DPH Annual Report 2020
25 March 2021

Gateshead's most disadvantaged residents have been caught in a "perfect storm" of welfare reform, austerity and the Covid-19 pandemic, according to the latest report from the Director of Public Health.

Alice Wiseman's annual report for 2020, "It's raining, it's pouring", highlights an unacceptable pattern of disadvantage within local communities. It provides an update on the issues set out in the 2017 report, "It never rains but it pours", which revealed that the life expectancy of two babies born on the same day in Gateshead could vary by up to 10 years depending on the circumstances into which they are born.

Read the full report

Alice said: "The link between poverty, mental health and chronic disease has been well-documented. We also know that when children are born into deprivation, the issues they face affect their physical and emotional development - which could have life-long implications for their health and wellbeing.

The Covid-19 pandemic has exacerbated these inequalities and created new pressures for those in the most deprived communities. These groups were more likely to either to be furloughed and to struggle to survive on 80% of minimum wage, or to work in environments where social distancing is difficult, placing them at higher risk of infection. We have seen this disproportionate risk evidenced in the deaths of key workers across all settings; the very people who kept our country running at the hardest of times."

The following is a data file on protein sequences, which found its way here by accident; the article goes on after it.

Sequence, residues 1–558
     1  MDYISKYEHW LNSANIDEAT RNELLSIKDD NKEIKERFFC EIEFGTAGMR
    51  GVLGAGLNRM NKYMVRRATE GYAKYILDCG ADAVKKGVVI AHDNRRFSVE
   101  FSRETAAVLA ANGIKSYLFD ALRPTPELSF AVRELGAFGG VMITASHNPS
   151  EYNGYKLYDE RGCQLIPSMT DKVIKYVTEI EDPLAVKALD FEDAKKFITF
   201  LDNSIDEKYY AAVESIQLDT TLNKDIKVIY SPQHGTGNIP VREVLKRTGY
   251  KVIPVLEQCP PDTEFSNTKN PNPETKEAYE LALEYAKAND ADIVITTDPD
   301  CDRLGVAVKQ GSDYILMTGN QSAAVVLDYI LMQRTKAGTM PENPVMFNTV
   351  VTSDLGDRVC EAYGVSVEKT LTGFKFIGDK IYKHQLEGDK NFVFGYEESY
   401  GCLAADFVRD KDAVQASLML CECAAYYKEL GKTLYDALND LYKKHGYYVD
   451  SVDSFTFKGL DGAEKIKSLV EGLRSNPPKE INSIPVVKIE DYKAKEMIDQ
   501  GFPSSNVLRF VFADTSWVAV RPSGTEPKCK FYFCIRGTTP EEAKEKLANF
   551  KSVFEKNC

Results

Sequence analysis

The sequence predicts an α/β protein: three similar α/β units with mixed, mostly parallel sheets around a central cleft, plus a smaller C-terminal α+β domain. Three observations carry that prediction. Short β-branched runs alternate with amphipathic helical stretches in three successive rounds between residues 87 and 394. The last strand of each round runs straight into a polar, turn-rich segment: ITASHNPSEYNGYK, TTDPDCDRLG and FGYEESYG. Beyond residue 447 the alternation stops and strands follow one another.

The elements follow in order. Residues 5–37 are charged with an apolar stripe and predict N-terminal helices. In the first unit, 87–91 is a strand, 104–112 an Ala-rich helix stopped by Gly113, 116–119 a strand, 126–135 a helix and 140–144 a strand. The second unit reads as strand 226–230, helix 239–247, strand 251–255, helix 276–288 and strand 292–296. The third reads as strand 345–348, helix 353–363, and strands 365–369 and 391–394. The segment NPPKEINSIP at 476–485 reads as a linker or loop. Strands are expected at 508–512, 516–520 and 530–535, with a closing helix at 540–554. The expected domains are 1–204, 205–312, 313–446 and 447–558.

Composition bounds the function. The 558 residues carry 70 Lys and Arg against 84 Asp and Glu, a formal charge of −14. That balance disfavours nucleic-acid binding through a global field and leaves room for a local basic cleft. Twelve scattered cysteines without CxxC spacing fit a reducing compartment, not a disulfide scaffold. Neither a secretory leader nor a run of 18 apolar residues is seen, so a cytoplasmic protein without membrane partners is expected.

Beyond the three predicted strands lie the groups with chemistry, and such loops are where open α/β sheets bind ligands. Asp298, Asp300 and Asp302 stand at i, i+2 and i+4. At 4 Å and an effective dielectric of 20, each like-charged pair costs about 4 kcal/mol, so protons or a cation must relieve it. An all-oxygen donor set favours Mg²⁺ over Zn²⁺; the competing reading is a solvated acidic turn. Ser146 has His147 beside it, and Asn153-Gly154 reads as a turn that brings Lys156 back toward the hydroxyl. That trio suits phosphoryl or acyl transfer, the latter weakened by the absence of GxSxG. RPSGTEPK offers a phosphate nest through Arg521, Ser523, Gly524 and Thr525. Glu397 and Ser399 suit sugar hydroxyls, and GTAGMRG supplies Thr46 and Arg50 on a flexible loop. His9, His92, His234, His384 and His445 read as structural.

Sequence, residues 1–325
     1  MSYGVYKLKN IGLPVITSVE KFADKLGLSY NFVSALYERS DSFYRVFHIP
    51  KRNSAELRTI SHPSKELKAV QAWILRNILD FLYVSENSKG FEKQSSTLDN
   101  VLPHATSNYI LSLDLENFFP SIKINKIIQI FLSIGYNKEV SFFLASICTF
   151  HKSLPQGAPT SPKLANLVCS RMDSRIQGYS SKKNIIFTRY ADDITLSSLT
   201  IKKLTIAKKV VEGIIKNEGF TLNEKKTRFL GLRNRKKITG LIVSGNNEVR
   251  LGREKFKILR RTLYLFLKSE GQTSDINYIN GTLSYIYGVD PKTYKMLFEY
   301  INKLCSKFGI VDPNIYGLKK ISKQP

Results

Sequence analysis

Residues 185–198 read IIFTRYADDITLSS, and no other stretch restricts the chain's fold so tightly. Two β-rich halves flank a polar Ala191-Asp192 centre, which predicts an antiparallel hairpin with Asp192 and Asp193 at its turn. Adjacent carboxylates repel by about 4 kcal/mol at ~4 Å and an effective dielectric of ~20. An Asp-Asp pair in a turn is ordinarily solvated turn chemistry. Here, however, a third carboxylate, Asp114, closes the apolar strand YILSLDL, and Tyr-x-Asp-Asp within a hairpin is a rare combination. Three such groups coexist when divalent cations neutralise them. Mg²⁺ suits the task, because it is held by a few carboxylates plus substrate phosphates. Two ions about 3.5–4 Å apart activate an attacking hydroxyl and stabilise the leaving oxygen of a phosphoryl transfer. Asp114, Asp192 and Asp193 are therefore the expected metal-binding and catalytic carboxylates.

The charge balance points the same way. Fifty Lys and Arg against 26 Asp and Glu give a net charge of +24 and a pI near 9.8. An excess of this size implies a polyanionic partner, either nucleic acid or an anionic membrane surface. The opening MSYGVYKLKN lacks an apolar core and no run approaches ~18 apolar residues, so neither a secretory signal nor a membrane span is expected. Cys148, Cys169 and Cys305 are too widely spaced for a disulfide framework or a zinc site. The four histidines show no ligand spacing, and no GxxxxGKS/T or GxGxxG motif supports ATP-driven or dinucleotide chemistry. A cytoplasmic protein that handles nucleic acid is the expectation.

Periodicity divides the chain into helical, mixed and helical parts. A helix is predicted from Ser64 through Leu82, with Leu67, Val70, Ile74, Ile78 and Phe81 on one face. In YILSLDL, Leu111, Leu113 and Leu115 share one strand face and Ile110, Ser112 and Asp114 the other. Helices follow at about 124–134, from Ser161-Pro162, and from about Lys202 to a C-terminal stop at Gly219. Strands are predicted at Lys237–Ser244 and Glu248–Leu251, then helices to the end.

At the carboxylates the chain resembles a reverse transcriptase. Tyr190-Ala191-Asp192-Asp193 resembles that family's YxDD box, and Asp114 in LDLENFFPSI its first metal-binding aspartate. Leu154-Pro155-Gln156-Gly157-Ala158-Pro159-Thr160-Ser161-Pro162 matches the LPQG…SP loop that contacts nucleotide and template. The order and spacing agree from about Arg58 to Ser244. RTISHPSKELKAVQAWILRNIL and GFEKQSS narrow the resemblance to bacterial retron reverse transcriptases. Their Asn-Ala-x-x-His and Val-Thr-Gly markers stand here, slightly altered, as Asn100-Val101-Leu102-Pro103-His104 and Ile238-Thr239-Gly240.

Although the long-term impact of the pandemic remains to be seen, the report describes the economy and public health as two sides of the same coin and calls for economic recovery efforts that focus on supporting Gateshead's most vulnerable residents.

The report includes personal stories that highlight the specific challenges faced by individuals and how they have been supported by the Council and its partners. Alice explained: "Statistics can only tell us so much. We need to listen to the voices of the people who are living through these issues in order to help them, to prevent others from experiencing the same hardships.

In 2018, we commissioned research into the issues faced by local people claiming Universal Credit and found that many claimants were forced into debt, rent arrears and extreme hardship, with serious consequences for their wellbeing. At a time when more people than ever have had to turn to the benefits system, these findings have helped us to better support our communities and persevere with our call for change."

To amplify the voices of the research participants, a short film produced by theatre company Cap-a-Pie was released online earlier this month. It features actors bringing the experiences of Universal Credit claimants to life alongside contributions from Alice, lead researcher Mandy Cheetham and others. The video highlights some of the key findings from the research and calls for a fairer system that prioritises the resources and support available for those that need it most.

"It's raining, it's pouring" concludes that although Gateshead Council and its partners have made some good progress on tackling inequalities, there is still a long way to go - particularly in the wake of the pandemic. The focus must remain on giving people a fair chance and breaking the cycles of disadvantage.